In this memoir and gardening manual, a lifelong naturalist shares his love and detailed knowledge of plants and animals.
In the preface to this engaging book of essays, Plummer reveals that most of them were previously published in the newsletter of the Spencer Crest Nature Center, near his home in New York state's southern tier. Indeed, the richly informative chapters that follow will make readers feel as if they’re part of a select society of those who not only love to observe nature, but also to take part in it through gardening. Beginning with chapters on “Early Bird Watching” and “The Evolution of a Garden,” Plummer describes his own development as an amateur naturalist and a gardener. His avuncular humor, apparent in the title pun and in such chapters as “Among Fronds” and “What Woodst Thou?” injects a pleasantly conversational tone that effectively counteracts the book’s tendency toward repetition and long lists. The book is filled with engaging details, such as that cedar waxwing birds get drunk on fermented mountain ash berries, and practical suggestions, such as which type of trowel to use for specific jobs. Although most of the author’s observations center on his expansive 50-year-old garden in Painted Post, New York, the penultimate chapter, “Tripping the Light Fantastic!” is a chronicle of various expeditions in upstate New York, Delaware, Colorado, Oregon, and Washington state to observe new plants, animals, and minerals. Plummer’s approach may be too dense with facts for casual readers, but it’s an excellent handbook for the serious gardener or student of nature, who’ll be fascinated to learn, for example, about the delicate blue wildflower called Venus’ looking-glass, also known as whorled loosestrife. Sections on “Common Names / Latin Names” and “Garden Quotes” from other authors add interest, and a detailed index makes it easy to access the book’s plentiful information.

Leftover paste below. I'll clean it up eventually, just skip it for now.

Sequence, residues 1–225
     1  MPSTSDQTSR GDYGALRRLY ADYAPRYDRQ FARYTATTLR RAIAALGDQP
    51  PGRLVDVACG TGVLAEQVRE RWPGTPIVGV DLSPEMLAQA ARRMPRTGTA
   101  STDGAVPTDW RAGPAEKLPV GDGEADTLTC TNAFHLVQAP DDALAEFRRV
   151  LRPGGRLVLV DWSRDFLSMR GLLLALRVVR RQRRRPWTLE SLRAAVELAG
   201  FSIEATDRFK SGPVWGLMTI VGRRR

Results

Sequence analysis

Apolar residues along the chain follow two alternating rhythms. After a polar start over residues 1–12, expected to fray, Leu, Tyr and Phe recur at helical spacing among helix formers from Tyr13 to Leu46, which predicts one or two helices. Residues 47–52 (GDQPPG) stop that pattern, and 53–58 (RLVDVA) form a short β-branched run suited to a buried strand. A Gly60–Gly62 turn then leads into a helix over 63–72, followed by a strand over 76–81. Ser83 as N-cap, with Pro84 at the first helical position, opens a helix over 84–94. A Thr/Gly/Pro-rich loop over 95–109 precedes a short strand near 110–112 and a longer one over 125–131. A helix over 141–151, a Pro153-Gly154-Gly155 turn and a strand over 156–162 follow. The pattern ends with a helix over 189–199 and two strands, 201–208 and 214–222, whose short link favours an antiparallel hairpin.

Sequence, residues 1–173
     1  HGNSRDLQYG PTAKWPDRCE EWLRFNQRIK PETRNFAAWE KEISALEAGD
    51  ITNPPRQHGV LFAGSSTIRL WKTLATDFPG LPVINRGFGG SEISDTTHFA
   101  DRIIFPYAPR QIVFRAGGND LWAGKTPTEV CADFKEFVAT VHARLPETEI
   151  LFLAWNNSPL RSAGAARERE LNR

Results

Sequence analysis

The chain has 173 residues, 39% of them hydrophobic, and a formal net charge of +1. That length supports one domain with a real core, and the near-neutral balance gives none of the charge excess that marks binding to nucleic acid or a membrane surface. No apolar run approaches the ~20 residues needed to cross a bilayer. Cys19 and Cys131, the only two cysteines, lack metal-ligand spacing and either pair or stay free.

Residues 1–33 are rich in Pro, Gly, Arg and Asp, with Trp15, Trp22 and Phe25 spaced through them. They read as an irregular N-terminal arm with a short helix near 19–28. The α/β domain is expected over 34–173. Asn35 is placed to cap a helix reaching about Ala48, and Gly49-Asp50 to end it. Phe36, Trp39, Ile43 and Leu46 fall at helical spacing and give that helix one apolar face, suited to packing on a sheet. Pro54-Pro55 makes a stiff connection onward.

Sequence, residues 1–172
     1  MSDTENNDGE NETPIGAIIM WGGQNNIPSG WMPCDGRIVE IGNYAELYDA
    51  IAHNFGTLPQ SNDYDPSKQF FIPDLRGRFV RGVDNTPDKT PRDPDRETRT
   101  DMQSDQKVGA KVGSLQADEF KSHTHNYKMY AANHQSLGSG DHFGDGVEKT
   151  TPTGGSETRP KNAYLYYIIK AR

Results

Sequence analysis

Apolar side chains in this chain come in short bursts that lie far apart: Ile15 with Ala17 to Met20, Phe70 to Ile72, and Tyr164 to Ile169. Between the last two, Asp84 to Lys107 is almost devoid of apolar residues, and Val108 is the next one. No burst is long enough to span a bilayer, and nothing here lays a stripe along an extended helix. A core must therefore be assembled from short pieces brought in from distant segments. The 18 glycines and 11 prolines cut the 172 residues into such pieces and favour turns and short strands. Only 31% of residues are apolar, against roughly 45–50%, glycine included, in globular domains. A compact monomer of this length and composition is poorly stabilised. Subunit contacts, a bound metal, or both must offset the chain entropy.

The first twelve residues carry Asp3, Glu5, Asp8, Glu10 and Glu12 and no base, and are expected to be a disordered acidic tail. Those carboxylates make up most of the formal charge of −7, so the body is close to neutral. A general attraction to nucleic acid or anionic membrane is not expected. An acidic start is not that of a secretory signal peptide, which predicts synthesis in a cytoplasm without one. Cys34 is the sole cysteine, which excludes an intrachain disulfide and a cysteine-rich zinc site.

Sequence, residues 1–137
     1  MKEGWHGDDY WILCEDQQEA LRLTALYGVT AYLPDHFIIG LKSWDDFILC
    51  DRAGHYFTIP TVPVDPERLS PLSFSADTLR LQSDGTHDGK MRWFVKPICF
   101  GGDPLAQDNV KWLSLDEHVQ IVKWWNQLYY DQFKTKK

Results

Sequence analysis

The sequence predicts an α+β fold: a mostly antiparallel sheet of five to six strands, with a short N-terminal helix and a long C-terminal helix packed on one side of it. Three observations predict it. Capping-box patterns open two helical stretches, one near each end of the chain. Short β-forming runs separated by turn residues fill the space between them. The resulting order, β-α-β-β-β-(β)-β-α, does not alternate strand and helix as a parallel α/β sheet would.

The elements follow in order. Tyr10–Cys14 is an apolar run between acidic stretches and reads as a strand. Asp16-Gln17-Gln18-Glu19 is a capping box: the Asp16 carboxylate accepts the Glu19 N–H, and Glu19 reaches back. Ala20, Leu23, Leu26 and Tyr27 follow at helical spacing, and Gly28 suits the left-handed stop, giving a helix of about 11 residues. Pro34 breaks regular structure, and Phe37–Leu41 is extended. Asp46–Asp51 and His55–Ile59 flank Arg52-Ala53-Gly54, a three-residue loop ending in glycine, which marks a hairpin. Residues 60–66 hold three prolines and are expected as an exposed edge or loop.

An informative guide to tending a garden and appreciating the natural world.